Nutrition for CrossFit exercise can be a real question mark for many people.
Most people who do CrossFit regularly are educated on the Paleo and Zone Diets, having some but not much success on either.
This is probably because the Paleo Diet can be incredibly low carb (unless you’re very smart with it) and the Zone Diet can often be too intricate and complicated for most people.
When these aren’t successful many people find themselves on a ‘Paleo-ish’ Diet. Eating mostly whole foods most of the time while indulging in carbs or ‘Paleo Treats’ fairly regularly to curb cravings and to give your body the sugar it is clearly dying for.
So where do we go from here? How much food and what types do you actually need if you’re training for 1 hour a day at your regular CrossFit class?
The first change you’ll probably want to make will be to eat more high fibre, low glycaemic carbohydrates with each of your meals.
“Won’t these carbohydrates make me fat and give me diabetes?”
Only if you overeat them and eat a lot of refined, sugary carbohydrates. Carbohydrates are your body’s preferred source of energy, especially for high power, intense training (like maximum lifts and short CrossFit Metcon’s).
Having low levels of carbohydrates in the body can also lead to decreased motivation to train, low energy levels during the day, and more cravings for sugary snacks.
“So how much do I need?”
The amount of carbohydrates you need depends on your current size, your goals, and your activity levels. The more you move around and exercise, the more carbohydrates your body needs to recover and fuel this activity.
If you’re trying to lose weight, prioritising your carbohydrates around your workouts only can be a really good way to lose weight while still having enough energy to train. This means eating high fibre, low glycaemic carbohydrates before and after (more after) your workouts only. Having protein, fats, and vegetables as the rest of your meals.
If you are trying to add muscle, then eating high quality carbohydrates with most if not all of your meals is definitely a good idea.
Workout nutrition in most literature says that a mixed protein and carbohydrate meal with low amounts of fat (to ensure fast digestion) should be ingested 1-3 hours before a workout, and 1-3 hours after a workout.
More carbohydrates should be taken in after your workout than before it, as this will be when the muscles need it most to replenish energy stores and to repair muscles.
For most people, this would look like a small to large lean protein source (think chicken breast/fish etc) combined with 1-2 cupped hands of starchy, high fibre carbohydrate (like brown rice, sweet potatoes etc). Include some mixed vegetables here as well.
As long as you have a meal like this both before and after your training, you will be eating sufficiently to fuel your workouts.
Your meals further away from the workout window will then be lower in carbohydrate and higher in healthy fats (nuts, avocados, olive oil etc.), as well as also including protein sources (meat/fish).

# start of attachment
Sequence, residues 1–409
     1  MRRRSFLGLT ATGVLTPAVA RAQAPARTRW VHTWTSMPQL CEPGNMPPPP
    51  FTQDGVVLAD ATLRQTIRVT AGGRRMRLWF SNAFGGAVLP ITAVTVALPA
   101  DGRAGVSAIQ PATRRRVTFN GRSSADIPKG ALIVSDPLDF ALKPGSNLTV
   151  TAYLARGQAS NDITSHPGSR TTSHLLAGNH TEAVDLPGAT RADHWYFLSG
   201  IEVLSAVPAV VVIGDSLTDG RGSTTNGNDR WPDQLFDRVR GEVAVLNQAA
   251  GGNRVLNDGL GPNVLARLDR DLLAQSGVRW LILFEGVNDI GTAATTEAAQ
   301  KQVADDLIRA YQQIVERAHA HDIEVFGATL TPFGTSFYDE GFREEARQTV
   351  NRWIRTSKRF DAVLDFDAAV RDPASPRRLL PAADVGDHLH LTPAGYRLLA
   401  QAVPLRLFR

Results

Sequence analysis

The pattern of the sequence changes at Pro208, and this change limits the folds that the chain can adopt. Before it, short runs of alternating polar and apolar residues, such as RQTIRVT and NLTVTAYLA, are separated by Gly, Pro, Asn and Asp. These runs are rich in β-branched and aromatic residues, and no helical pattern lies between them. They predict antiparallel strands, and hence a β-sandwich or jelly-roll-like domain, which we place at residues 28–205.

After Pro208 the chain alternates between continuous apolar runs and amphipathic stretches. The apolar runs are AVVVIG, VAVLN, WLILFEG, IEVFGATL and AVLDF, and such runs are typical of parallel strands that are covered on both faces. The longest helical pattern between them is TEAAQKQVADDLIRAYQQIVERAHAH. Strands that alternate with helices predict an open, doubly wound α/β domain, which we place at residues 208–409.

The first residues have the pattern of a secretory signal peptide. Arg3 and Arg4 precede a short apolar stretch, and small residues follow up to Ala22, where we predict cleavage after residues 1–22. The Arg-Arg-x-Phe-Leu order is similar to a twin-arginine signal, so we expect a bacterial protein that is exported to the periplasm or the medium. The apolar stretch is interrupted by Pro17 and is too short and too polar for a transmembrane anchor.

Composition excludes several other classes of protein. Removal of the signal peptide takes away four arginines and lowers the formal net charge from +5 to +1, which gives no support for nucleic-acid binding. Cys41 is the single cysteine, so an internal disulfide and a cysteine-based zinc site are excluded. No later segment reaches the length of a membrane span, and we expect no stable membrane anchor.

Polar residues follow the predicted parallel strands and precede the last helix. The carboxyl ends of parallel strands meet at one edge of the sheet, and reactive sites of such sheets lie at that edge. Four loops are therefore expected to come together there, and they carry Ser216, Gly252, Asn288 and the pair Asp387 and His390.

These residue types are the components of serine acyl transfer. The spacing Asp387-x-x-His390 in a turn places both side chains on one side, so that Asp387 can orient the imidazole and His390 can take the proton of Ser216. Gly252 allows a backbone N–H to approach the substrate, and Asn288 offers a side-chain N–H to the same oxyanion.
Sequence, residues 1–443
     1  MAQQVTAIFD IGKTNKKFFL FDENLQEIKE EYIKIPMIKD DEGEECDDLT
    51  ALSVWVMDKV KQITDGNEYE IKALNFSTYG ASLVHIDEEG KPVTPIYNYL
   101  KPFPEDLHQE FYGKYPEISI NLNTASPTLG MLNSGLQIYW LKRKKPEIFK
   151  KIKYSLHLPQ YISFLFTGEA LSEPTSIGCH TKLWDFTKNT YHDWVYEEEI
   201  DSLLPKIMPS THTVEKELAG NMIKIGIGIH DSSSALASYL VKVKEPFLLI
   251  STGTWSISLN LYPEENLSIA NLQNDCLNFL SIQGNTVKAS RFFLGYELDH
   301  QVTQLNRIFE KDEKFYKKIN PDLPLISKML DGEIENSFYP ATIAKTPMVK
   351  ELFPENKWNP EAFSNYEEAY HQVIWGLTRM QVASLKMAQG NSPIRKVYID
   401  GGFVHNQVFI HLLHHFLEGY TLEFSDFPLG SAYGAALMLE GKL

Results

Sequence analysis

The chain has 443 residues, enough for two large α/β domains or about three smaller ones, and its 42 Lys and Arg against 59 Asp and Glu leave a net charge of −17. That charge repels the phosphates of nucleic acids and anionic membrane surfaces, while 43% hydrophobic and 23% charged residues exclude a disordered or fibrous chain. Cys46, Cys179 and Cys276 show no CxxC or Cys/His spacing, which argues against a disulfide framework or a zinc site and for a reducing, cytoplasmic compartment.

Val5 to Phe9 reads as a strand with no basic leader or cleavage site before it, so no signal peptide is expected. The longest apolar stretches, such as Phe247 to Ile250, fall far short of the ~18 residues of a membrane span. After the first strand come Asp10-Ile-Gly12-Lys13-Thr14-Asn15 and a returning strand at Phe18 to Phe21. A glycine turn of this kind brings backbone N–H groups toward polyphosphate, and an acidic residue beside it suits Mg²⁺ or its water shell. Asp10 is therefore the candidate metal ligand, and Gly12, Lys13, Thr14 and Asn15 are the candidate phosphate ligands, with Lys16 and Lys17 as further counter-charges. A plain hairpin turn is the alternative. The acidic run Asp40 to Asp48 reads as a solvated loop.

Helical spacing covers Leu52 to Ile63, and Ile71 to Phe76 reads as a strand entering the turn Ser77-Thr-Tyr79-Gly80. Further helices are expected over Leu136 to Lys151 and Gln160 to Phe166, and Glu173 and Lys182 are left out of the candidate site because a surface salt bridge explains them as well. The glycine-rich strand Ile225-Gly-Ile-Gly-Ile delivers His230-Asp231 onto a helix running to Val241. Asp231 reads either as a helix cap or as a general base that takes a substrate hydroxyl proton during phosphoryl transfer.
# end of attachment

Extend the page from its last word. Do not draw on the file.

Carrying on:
Again, remember that your current size, goals, and daily activity levels will affect the amount you need to consume. If you sit at a desk all day and then do 1 hour of CrossFit before driving home and sitting on the sofa before going to bed, and you are looking to lose a bit of weight, then having carbohydrates only around your workouts will be a great way to fuel your training without eating too much.
If you walk 2 miles to work where you are then on your feet all day, or a labourer, and then you do your 1 hour of CrossFit before walking home and going to bed, then your energy demands are going to be far higher than the other.
“So how many grams of carbohydrates should I eat per day?”
If you want to get much more specific, then depending on goals and body size, I usually recommend 1-1.5g of carbohydrate per lb of bodyweight for the average CrossFit enthusiast.
If you’re a 14 stone individual, this would be 196 – 294 grams of carbohydrates a day. Pair this with protein and some healthy fats with each meal (less in the workout meals) and you’ll be doing a good job in fuelling your training.
If you feel like this is too much after a couple weeks of experimenting, then simply lower the amounts. Only experimentation will find what truly works for you.
“What about supplements”
The only supplements I recommend to most people are whey protein powder (for post workout protein and to help increase protein intake as it’s cheap per serving), creatine (if looking to increase strength/size), fish oils (if you don’t eat lots of oily fish) and a multivitamin (just in case you have some days where you don’t eat enough fruit and vegetables).
If you’re training for longer than an hour, then drinking a protein and carbohydrate workout drink during and after is a great way to fuel your training, and recover stronger. Whey protein mixed with vitargo, maltodextrin, or cyclic dextrin are all great options.
However, ICON Nutrition do a great product for this; their Recovery powder is 2:1 Carbs to Protein, meaning one serving is 20g of protein to 40g of carbohydrate. This is perfect for long sessions and for your post workout recovery
Everything else out there really isn’t necessary, and the main thing is getting the basics right and focusing on the quality and quantity of your food intake.
Get the basics right, and follow the premise above surrounding workout nutrition, and you’ll be doing more than enough to meet your performance and composition goals.
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